What I Learned From Writing Letters To Strangers Across America
A week into California's stay-at-home order, when our now-familiar mix of anxious, lonely and restless feelings were still brand new, I craved connection. But not the kind available from a screen. Inside my wallet I found 10 stamps leftover from the holidays, and I put out a tweet: "Today I am going to write letters to send through the post ... [Direct message] me your snail mail address if you want a random letter. But heads up I only have 10 stamps & they are of Santa."
On the first day, I wrote to strangers in Arizona, California, Missouri, New York, Texas and Washington. The next day, I wrote to an 11-year-old who was born in Plano, Texas, where I grew up. I wrote to a USPS letter carrier from Minnesota who requested a letter for himself. The 10 stamps ran out quickly, so I restocked. By the time I was finished sending an analog paper letter to anyone who requested one, I'd written 50 letters to addresses in every state except for Alaska and the Dakotas.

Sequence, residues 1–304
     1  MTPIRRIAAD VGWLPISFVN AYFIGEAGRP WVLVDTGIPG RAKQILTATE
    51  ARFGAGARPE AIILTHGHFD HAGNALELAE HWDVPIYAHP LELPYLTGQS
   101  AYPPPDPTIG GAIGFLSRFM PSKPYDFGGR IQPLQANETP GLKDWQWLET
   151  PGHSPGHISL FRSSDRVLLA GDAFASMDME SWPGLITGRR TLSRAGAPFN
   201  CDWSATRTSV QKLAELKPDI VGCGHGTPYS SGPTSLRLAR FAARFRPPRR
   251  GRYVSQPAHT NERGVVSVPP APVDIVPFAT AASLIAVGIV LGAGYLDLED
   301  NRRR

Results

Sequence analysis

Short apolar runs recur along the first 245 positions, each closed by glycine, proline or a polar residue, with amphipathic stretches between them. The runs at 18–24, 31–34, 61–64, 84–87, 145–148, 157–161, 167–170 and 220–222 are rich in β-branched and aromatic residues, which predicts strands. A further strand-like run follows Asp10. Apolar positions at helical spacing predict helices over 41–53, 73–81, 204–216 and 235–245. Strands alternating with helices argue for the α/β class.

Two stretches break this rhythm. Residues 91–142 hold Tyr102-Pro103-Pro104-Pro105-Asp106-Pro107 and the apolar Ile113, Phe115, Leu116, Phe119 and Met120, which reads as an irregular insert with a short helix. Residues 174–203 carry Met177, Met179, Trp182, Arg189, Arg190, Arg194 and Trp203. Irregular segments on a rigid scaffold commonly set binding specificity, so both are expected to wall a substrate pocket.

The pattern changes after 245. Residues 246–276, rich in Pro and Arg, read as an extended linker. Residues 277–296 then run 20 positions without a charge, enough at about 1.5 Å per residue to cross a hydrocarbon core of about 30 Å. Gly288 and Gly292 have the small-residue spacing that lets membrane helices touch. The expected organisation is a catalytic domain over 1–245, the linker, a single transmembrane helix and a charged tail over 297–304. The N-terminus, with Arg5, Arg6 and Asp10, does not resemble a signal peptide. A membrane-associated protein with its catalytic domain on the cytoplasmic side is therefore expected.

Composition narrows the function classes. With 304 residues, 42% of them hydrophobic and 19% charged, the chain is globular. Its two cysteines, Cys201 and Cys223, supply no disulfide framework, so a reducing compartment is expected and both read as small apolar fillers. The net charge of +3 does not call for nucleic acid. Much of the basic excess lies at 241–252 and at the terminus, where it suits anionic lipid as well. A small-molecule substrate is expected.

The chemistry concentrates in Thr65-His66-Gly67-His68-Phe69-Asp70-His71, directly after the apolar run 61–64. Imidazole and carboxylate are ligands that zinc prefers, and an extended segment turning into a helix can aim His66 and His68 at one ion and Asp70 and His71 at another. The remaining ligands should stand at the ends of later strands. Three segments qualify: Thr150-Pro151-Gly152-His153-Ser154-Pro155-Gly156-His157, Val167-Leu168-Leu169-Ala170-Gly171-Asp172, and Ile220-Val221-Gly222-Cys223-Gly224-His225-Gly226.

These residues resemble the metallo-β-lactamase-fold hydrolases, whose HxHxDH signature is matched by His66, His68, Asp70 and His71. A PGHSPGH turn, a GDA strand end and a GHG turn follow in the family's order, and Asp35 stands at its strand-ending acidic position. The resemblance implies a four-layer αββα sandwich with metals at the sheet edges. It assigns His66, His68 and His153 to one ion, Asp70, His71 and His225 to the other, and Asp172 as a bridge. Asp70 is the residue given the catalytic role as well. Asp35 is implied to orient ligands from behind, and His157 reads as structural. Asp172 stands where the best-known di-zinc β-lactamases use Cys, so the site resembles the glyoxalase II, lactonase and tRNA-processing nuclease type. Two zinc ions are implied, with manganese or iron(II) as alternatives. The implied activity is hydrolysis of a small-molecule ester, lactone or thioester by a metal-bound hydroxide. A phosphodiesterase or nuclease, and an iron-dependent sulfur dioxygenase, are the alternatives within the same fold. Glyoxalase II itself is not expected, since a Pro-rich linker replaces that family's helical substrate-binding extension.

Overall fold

When they requested letters, people mentioned little bits about themselves: That they live in my old stomping grounds (Austin and St. Louis). They mentioned their kids or their pets. They mentioned listening to NPR when I broadcasted from Seoul. They mostly asked if it was too late to request a letter.
A handful of requests came from longtime friends. It tickled me that folks who can call me easily wanted this kind of expression of love, all the same. They — and the others — were clearly as eager to connect as I was, amid stay-at-home orders brought on by this disorienting global pandemic.
These days, we're stripped to our most primal longings to survive. And survival for humans means connection and communion wherever we can find it. It might be especially crucial for my generation. A quarter of millennials said in a YouGov survey last year that they have no acquaintances; 27% reported having no close friends and 30% said they had no best friends. And that was before the crisis hit.